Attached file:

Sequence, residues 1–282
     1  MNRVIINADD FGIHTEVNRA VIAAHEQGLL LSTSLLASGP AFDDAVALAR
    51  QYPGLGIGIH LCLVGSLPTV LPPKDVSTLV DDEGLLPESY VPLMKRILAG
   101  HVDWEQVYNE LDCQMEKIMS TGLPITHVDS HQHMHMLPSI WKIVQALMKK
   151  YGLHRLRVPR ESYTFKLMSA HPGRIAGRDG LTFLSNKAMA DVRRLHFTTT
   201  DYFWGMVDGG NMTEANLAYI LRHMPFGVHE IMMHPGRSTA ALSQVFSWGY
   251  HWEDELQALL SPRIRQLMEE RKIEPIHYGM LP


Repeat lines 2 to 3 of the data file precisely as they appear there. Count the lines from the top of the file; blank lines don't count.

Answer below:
     1  MNRVIINADD FGIHTEVNRA VIAAHEQGLL LSTSLLASGP AFDDAVALAR
    51  QYPGLGIGIH LCLVGSLPTV LPPKDVSTLV DDEGLLPESY VPLMKRILAG